# Pull-up resistor over a microphone

What is the reason of that 1 kilo ohm connected to the microphone? Why always too high resistors are used? I couldn't find any explanation. How do we calculate these values?

• On what grounds do you consider 1k too high? Too high for what? Like most components, a microphone is designed to be used in some practicular way, hence the only good reason for using a particular value is that the designers of the microphone intended you to do so. So why use another value? – Wouter van Ooijen Apr 6 '12 at 8:35
• let me be more clear. if i have a microphone, and wanna make an amplifier, how am i gonna decide of that pull up resistor!s value? nothing is written on microphone. depending on what i will decide the value of the resistor? – user16307 Apr 6 '12 at 8:40
• For lack of a datasheet for your microphone you could use datasheets for similar microphones. primo.com.sg/ourproducts-jap-microphone.html shows mostly 2 k, with a few exceptions (1k, 5k6, 15k). – Wouter van Ooijen Apr 10 '12 at 6:36

The microphone is an electret type, which needs a bias for the capacitor, which it basically is. Some electret microphones also have an amplifier built-in, which also needs power. The larger the resistor from $V_{CC}$ the larger the voltage drop caused by the supply current, though for an unamplified electret the current is low and the resistor may be bigger.
A too small resistor will cause the signal to be attenuated. $V_{CC}$ is ground for AC signals and a small resistor will cause too much current to go that way.
In practice you'll often see higher resistor values, like 10k$\Omega$.

• Couple of things wrong with your answer: 1) The Electret element inside the microphone does NOT need bias. The bias is part of the material that makes up the microphone dielectric. 2) Every Electret mic that I have seen has a built-in source-follower FET. This FET is what needs the external bias that you supply to the microphone capsule. Typical output impedance for most of the Electret mics that I have worked with measures to be close to 1k but that can vary widely. – Dwayne Reid Aug 30 '15 at 1:03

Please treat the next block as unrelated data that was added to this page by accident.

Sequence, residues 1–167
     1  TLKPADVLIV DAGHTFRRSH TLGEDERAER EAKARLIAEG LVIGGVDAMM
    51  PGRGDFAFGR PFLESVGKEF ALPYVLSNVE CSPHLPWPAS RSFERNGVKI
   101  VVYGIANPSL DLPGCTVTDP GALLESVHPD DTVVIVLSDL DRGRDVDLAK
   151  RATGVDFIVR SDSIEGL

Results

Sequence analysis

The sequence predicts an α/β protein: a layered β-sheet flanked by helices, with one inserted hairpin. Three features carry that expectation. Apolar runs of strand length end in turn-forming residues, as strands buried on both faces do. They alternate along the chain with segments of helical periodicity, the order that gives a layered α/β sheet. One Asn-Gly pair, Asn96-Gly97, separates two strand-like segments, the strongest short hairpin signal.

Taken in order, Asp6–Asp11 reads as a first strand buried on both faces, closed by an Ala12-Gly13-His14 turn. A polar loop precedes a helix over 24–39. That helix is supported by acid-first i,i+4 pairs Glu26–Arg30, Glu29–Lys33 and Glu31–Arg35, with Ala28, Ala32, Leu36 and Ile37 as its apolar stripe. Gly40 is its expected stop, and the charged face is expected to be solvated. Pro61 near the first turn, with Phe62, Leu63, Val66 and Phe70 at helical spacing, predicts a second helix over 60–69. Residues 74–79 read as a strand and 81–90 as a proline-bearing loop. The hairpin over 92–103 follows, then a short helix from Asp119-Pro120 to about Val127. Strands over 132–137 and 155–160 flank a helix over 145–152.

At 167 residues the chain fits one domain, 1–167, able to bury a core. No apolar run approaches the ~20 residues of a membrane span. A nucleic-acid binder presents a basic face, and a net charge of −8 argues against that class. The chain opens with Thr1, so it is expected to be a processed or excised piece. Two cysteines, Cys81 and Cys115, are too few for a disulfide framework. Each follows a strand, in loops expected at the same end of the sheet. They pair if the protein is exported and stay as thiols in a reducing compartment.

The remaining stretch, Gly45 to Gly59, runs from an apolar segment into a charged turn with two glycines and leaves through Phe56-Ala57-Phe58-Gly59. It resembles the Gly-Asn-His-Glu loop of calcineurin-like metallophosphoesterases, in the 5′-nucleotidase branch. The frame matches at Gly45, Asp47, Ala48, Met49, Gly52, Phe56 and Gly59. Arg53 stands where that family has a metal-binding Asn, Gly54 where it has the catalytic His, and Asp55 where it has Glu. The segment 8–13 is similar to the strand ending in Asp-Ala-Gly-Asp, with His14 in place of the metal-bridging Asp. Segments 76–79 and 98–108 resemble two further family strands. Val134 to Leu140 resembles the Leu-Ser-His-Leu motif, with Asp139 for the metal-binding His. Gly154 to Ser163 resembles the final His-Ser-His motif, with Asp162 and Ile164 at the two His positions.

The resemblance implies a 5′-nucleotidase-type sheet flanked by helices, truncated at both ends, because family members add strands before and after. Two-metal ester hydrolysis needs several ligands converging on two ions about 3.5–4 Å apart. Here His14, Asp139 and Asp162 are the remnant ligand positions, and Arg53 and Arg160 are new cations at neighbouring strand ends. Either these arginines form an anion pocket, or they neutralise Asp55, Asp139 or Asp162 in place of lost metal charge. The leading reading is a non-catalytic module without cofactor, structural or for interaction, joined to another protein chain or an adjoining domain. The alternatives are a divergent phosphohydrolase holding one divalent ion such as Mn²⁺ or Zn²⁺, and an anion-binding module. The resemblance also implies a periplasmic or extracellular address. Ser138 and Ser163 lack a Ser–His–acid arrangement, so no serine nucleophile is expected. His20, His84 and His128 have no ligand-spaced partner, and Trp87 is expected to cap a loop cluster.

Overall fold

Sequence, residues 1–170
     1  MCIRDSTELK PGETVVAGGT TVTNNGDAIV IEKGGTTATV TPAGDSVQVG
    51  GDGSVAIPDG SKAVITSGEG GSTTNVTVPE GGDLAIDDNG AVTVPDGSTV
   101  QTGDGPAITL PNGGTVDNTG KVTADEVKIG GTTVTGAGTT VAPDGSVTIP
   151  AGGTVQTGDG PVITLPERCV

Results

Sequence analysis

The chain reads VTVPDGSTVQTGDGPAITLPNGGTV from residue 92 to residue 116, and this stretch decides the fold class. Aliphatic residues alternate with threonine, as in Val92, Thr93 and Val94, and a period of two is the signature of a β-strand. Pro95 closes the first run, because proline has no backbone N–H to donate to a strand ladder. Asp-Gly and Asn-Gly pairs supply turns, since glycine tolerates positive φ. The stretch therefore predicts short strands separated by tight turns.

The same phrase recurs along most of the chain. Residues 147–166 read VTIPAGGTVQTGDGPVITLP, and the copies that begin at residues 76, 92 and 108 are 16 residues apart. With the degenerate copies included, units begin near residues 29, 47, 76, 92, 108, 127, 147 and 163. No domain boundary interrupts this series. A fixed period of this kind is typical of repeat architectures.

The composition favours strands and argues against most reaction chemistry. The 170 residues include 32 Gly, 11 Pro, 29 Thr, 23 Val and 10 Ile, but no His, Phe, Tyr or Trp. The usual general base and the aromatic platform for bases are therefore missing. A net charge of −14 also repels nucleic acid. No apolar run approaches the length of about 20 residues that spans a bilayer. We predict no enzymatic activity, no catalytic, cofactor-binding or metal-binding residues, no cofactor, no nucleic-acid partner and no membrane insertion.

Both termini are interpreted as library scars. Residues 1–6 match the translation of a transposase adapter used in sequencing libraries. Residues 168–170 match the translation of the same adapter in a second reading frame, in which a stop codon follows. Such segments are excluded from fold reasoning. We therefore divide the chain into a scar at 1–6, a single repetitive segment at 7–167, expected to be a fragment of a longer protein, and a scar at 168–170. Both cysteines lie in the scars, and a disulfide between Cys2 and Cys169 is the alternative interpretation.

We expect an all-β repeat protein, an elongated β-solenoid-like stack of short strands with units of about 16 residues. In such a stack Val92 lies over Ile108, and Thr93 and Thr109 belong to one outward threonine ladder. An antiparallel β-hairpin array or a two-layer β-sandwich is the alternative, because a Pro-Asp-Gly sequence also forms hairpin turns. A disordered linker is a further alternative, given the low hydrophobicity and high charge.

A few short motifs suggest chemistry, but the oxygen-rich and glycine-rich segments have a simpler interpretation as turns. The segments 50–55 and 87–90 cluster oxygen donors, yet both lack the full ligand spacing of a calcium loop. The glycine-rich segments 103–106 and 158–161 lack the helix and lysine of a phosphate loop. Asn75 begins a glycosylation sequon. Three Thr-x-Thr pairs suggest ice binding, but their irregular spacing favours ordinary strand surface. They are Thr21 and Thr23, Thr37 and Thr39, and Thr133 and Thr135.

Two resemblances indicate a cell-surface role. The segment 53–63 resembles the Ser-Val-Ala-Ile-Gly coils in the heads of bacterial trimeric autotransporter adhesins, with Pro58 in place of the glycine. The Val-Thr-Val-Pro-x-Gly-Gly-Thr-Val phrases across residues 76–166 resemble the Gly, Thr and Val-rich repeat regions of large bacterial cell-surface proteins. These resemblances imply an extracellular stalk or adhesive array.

The reason there's a pull-up resistor is to supply power to the built-in FET impedance converter:

The mic diaphragm itself doesn't need any bias, since it's an electret mic. "Electret" means "permanently electrically charged". So the diaphragm is always already biased, even without any power applied. So the resistor and bias voltage has no effect on the frequency response or other properties of the diaphragm.

The resistor value does affect the gain of the FET, however, since this is a common source amplifier. Increasing the resistor (within reason) will increase the output voltage level.

(and 1 kilohm is not a high resistor value. If the diaphragm was not electret, you'd need to supply your own bias to it, through a resistor, and for minimal self-noise, this is typically in the gigaohm range, which is 1 million times as large.)

Microphones can generate voltages by themselves sometimes, but often they need to be powered by an external source: in this case, the resistor is used to provide a supply to the microphone without forcing it's output voltage.

The signal generated from the microphone will be a variable current which will cause a varying drop over the resistor. Note that there is a series capacitor to AC-couple the signal, which means removing the common mode voltage (DC component).

And by the way, 1 kOhm is not a too big value: consider that 1 Ampère in electronics is often too big, and milliAmpères are far more common.